Start and Manage a VM Without Using vSphere Client

You’re familiar with features in VMware vSphere that can help bring up critical virtual infrastructure after a widespread datacenter outage — planned or otherwise — but did you also know that it’s possible to power on a virtual machine and even determine the dynamic IP address of a guest OS using a simple command-line utility?  This could be handy after a disaster or if you normally rely on a Windows virtual machine to run the vSphere Client and don’t feel like firing up Fusion for one quick task.

Power on and SSH to a Linux VM from Mac OS X

Consider this real-world situation:  You are working remotely on your Mac and need to log into a powered-off Linux VM back in the datacenter.  Don’t fret — if you can ssh to the host using Tech Support Mode (VMware ESXi 4.1 shown here), you are most of the way there.  Thanks to vim-cmd you can find your VM, power it on, and learn the guest OS IP address in no time:

Let’s break it down step by step:

1. Use grep to find the ID of your VM (1008 in this example):

~ # vim-cmd vmsvc/getallvms | grep -i CENTOS1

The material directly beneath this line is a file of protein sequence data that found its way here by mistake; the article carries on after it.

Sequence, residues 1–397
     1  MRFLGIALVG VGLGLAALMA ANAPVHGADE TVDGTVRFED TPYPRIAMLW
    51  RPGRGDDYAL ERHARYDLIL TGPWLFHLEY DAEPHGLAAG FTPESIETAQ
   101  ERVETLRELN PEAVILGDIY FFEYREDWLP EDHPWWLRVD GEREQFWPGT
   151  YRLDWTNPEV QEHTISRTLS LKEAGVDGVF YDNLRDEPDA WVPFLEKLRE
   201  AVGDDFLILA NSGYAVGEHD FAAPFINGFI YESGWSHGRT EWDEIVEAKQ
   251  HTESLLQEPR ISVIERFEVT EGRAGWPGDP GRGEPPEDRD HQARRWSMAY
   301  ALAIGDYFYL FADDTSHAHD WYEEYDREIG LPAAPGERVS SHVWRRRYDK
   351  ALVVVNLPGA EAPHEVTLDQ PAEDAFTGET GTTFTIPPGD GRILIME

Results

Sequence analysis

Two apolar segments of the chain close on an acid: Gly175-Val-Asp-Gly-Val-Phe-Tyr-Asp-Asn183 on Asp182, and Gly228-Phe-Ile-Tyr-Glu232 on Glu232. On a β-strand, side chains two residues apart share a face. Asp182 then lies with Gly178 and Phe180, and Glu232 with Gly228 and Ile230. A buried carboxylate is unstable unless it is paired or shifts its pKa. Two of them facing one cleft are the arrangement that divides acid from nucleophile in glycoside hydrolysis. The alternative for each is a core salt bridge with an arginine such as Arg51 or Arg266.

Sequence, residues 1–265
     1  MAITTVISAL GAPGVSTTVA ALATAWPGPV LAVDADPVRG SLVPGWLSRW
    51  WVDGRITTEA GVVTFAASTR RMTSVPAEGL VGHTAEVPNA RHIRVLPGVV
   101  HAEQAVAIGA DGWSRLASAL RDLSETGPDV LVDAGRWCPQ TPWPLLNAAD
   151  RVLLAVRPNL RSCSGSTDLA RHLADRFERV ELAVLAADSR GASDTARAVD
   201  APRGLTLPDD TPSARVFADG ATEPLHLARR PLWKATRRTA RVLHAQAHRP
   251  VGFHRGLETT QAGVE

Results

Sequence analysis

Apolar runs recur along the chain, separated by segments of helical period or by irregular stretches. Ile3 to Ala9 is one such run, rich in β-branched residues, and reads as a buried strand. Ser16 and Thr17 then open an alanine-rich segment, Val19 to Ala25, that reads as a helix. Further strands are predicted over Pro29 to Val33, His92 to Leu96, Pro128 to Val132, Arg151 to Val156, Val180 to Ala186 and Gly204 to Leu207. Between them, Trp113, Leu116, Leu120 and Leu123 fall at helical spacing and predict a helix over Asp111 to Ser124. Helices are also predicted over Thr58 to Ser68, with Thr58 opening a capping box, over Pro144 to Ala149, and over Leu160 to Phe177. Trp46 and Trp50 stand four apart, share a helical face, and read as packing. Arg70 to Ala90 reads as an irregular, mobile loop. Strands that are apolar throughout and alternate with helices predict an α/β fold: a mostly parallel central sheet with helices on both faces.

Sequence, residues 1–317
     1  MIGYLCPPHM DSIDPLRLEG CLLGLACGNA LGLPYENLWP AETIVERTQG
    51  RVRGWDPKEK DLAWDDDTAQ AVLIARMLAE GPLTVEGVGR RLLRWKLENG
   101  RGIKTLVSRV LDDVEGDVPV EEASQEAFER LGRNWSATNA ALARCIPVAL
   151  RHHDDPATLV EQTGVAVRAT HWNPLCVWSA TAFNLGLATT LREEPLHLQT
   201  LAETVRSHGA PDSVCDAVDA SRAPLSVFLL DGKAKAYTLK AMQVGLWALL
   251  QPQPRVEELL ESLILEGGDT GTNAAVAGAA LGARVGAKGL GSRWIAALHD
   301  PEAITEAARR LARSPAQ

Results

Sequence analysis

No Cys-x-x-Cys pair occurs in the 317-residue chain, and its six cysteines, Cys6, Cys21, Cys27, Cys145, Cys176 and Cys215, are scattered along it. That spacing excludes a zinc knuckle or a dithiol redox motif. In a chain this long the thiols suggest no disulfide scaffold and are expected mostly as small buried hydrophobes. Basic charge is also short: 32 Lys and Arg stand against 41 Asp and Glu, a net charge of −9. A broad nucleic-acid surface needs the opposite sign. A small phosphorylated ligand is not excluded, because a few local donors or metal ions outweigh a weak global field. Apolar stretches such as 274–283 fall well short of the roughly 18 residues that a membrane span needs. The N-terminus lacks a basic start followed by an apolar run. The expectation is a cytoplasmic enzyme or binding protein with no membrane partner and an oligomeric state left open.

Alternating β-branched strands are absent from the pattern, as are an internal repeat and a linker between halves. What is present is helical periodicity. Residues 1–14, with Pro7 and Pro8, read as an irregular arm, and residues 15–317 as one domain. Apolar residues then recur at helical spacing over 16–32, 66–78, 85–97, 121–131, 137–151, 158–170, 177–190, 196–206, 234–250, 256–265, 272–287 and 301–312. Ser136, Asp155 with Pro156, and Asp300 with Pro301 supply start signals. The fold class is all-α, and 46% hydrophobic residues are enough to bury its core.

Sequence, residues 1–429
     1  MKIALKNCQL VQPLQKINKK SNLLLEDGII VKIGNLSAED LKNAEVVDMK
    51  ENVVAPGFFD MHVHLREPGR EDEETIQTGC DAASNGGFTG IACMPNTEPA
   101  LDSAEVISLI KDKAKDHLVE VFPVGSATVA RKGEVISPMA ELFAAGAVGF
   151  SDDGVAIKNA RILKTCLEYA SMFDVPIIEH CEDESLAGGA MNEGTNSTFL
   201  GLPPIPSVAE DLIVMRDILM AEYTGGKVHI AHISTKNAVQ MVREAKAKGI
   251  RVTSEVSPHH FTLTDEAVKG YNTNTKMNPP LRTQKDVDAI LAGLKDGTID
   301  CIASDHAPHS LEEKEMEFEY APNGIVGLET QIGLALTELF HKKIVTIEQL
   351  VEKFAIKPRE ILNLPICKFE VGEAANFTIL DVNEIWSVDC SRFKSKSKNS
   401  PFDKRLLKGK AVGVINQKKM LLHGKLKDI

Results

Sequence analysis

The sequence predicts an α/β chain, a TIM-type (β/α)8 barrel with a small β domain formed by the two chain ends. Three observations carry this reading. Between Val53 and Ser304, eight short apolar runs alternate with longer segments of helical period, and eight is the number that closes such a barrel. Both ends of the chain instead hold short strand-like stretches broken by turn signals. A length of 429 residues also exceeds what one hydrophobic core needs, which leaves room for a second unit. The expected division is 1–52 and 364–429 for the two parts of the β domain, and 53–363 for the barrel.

1008   CENTOS1      [CX4-01-LUN9] CENTOS1/CENTOS1.vmx         centos64Guest

2. Quick sanity check to verify the VM is actually powered off:

~ # vim-cmd vmsvc/get.summary 1008 | egrep '(power|ip)'
      powerState = "poweredOff",
      ipAddress = ,

3. Power on, wait a few moments, and check status again:

~ # vim-cmd vmsvc/power.on 1008
Powering on VM:
~ # vim-cmd vmsvc/get.summary 1008 | egrep '(power|ip)'
      powerState = "poweredOn",
      ipAddress = "10.136.234.38",
~ #

4.  Connect with ssh (or RDP, if targeting a Windows VM) and get on with things

Enjoy!

(Visited 14,273 times, 1 visits today)
This entry was posted in Virtualizationism and tagged , , . Bookmark the permalink.

5 Responses to Start and Manage a VM Without Using vSphere Client

  1. dave says:

    Thanks for the steps.

    It looks like you have to have VMWare guest tools installed in order to get the ip address this way. Is this true?

    ~ # vim-cmd vmsvc/get.summary 16 | egrep ‘(power|ip)’
    powerState = “poweredOn”,
    ipAddress = ,

    We don’t install the guest tools:

    guest = (vim.vm.Summary.GuestSummary) {
    dynamicType = ,
    guestId = ,
    guestFullName = ,
    toolsStatus = “toolsNotInstalled”,
    toolsVersionStatus = “guestToolsNotInstalled”,
    toolsRunningStatus = “guestToolsNotRunning”,
    hostName = ,
    ipAddress = ,
    },

  2. Yura says:

    Very thanks for it! You are safe my life! 🙂
    sorry for my english (:

  3. Yura says:

    Im lost vCenter on blade array, and i’l need up it. Very thanks for help!

  4. Jack says:

    Hi,

    I don’t find IP address in VM summay tab, when i grep the VM summary for IP details using vim-cmd vmsvc, i get the output of ipAddress=

    Sample output:

    ~ # vim-cmd vmsvc/get.summary 9408 | egrep ‘(power|ip)’
    powerState = “poweredOn”,
    ipAddress = ,
    ~ #
    please advise on this, how to edit the VM details by using vim-cmd to set the ipAddress.

Comments are closed.